By Randy Slovacek
In the mid-1980s, I was a young actor pursuing my dreams of working on the Broadway stage in New York City as the world was reeling from the AIDS epidemic.
It was a time when friends disappeared seemingly overnight. You would hear of someone’s diagnosis, and in a matter of weeks, they were dead.
Until 1987, when AZT was approved for treating HIV, there were practically no effective treatments. Even then, while AZT slowed the progress of the disease, there could be severe side effects (nausea, vomiting, headache, numbness).
But it was something.
The theater community can be quite tribal, and artists from all walks of life in the Broadway community felt the need to mobilize and do something.
And boy, did they.
Actor’s Equity Association, the union that represents actors and stage managers, created Equity Fights AIDS in 1987. The mission was to mobilize the unique abilities of the entertainment industry to address the needs of those affected by the crisis. In those early years, the aim was to help fund the newly-created AIDS initiative program of The Actors Fund.
Almost in tandem, a group of producers formed Broadway Cares in response to the death of Tony Award winning director/choreographer Michael Bennett (A Chorus Line, Dreamgirls). Their focus was to provide grants and funding for many of the young (and struggling) AIDS service organizations in New York city and other large cities heavily affected by the disease.
In 1992, the two organizations decided to merge, join forces for maximum impact, and officially become Broadway Cares/Equity Fights AIDS.
Over the years, the result has been an unbelievable confluence of community coming together with purpose and passion.
It was in those early years of Equity Fights AIDS that I was cast in my first big gig – the National company touring of the Broadway musical, CATS. Even out on the road, we took part by organizing elaborate fund raising concerts and countless other efforts.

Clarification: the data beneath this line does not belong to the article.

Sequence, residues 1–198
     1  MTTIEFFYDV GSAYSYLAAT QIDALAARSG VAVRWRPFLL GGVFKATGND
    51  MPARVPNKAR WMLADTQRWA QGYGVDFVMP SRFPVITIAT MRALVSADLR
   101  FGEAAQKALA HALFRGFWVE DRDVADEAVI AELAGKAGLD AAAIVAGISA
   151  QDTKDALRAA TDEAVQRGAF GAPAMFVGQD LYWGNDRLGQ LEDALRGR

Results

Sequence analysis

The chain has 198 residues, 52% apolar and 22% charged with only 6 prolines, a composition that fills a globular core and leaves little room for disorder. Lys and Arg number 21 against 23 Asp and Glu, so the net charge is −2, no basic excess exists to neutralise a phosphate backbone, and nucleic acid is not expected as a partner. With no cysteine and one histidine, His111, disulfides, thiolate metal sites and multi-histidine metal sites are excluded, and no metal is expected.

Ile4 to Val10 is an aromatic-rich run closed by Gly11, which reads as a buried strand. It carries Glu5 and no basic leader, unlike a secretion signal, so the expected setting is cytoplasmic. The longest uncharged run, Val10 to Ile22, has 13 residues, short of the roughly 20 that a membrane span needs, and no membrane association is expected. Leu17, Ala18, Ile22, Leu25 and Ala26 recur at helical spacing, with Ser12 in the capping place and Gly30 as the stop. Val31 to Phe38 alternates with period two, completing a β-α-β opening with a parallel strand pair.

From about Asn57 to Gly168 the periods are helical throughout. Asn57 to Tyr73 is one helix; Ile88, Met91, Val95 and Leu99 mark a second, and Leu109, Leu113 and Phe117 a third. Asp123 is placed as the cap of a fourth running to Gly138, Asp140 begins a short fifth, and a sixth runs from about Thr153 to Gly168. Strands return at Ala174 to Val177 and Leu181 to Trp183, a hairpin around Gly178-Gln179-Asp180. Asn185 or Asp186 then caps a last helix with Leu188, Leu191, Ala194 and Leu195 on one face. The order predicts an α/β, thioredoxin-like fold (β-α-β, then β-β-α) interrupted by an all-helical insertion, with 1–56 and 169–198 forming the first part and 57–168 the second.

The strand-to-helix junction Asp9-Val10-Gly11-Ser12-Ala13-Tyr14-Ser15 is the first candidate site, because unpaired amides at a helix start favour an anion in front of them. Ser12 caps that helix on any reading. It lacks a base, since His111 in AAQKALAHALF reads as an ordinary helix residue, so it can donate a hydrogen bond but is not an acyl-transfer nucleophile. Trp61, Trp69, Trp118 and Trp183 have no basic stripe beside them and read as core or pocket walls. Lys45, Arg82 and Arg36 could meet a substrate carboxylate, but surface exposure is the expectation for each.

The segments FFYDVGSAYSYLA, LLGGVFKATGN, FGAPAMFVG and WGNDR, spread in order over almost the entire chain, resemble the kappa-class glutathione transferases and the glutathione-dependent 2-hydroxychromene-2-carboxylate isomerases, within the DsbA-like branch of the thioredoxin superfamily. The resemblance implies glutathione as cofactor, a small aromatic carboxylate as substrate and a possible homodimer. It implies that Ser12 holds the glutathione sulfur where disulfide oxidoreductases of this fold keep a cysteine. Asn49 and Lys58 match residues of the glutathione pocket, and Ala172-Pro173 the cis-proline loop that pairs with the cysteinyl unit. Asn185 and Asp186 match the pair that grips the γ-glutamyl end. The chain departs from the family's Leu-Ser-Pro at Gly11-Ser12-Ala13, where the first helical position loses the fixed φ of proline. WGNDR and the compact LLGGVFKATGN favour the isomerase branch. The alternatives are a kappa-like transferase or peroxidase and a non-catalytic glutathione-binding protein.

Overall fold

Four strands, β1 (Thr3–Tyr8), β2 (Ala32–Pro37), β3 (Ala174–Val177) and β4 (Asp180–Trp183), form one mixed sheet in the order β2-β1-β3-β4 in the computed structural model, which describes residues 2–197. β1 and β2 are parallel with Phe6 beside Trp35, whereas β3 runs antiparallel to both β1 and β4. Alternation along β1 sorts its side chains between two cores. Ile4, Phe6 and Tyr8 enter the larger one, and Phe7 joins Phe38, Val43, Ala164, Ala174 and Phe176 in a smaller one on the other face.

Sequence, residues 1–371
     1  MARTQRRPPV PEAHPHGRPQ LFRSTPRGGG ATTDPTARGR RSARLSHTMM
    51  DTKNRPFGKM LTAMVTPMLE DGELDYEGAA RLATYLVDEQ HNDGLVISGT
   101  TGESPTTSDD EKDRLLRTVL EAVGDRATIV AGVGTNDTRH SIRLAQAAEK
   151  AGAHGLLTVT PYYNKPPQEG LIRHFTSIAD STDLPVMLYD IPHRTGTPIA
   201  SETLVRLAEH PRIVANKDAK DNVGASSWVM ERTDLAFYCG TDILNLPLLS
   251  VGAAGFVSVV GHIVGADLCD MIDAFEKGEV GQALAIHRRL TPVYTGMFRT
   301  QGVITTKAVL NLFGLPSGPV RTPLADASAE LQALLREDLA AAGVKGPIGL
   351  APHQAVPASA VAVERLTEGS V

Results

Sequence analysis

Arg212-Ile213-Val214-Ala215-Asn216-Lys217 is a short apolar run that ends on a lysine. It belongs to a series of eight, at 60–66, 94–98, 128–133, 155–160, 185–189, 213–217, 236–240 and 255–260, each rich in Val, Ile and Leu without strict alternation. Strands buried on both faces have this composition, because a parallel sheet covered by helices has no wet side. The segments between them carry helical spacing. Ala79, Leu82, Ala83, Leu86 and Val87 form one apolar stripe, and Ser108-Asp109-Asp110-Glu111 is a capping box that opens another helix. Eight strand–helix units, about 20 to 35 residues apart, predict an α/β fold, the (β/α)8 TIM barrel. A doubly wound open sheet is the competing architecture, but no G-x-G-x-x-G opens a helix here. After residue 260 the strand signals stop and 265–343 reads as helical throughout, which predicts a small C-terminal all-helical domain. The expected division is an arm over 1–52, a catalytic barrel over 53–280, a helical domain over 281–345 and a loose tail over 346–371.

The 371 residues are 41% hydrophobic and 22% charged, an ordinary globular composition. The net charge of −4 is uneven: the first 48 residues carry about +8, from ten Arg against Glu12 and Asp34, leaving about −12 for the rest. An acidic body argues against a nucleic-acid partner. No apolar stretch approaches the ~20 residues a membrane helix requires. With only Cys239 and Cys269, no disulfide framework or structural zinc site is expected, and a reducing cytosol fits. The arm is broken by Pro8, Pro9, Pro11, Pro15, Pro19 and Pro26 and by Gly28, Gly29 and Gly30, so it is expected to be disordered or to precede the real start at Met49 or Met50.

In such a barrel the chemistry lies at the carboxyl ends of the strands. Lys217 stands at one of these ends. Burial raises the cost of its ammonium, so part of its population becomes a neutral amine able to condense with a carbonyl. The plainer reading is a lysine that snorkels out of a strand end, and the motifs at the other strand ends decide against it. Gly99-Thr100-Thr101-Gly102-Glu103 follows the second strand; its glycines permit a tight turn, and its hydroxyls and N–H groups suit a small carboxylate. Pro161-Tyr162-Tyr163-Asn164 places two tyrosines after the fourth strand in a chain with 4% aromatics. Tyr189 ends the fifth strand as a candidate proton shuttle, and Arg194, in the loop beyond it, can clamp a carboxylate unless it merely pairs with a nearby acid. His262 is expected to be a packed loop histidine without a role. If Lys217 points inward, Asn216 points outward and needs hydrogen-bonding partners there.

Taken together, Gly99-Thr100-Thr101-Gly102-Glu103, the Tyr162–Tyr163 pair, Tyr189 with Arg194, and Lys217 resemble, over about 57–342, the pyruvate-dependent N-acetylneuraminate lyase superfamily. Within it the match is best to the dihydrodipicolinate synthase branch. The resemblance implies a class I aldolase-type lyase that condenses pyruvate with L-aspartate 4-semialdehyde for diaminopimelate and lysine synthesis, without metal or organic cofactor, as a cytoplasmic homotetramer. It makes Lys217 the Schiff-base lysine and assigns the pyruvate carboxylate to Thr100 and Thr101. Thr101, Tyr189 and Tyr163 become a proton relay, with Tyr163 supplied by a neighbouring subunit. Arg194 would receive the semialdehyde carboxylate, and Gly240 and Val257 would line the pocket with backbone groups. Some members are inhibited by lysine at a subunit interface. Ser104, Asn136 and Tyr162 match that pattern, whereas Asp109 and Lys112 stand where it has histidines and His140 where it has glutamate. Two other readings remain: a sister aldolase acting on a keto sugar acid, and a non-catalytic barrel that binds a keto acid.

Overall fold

Just one example – a massive staged tribute to the aforementioned Michael Bennett we presented in Kansas City. For weeks, I and my fellow cast mates would handle our CATS duties, then find empty ballrooms or conference rooms in whatever hotel we were in and rehearse sequences based on each of Bennett’s ground-breaking musicals late into the night.
The local Kansas City AIDS organization did the leg work for us finding a theater to present the event, and the PBS affiliate even sent a three camera crew to record and preserve the production for future fund raising efforts.
We were in Kansas City for a two-week run, and in the afternoons we’d go to the Uptown Theater and figure out how this was going to work. The Monday in the middle of those 14 days was our one night to pull this off.
Looking back, I remember standing in the audience of the theater with my cast mates that Monday afternoon feeling a bit overwhelmed by the daunting task in front of us. Now that the day had arrived, we were faced with the reality of lighting the stage. And I guess we thought we’d just sing very loud to carry the songs out to the audience we hoped would show up.
It was at that time that members of our stage crew, who handled lights, sound, sets and costumes for CATS, wandered into the theater. ‘Big Larry,’ our head carpenter and ‘Moose,’ our head spotlight operator, wandered around exploring and chatting.
Now, we had seven one-week stops ahead of us after we left Kansas City. With one-weekers, we travel on our one day off, and the crew goes straight to the next theater and is tasked with putting the magic back together in time for opening nights on Tuesdays.
So we didn’t ask our guys to help out because they weren’t going to have a day off for two months.
But here they were. Community.
‘Big Larry’ waved us off telling us to just keep rehearsing. The next thing you know, lights are coming on, floor mics cannibalized from CATS equipment were being installed at the front of the stage, and curtains were moving.
Moose only liked one of the house spotlights, so he ran off and rented another, better unit. Out of his own pocket.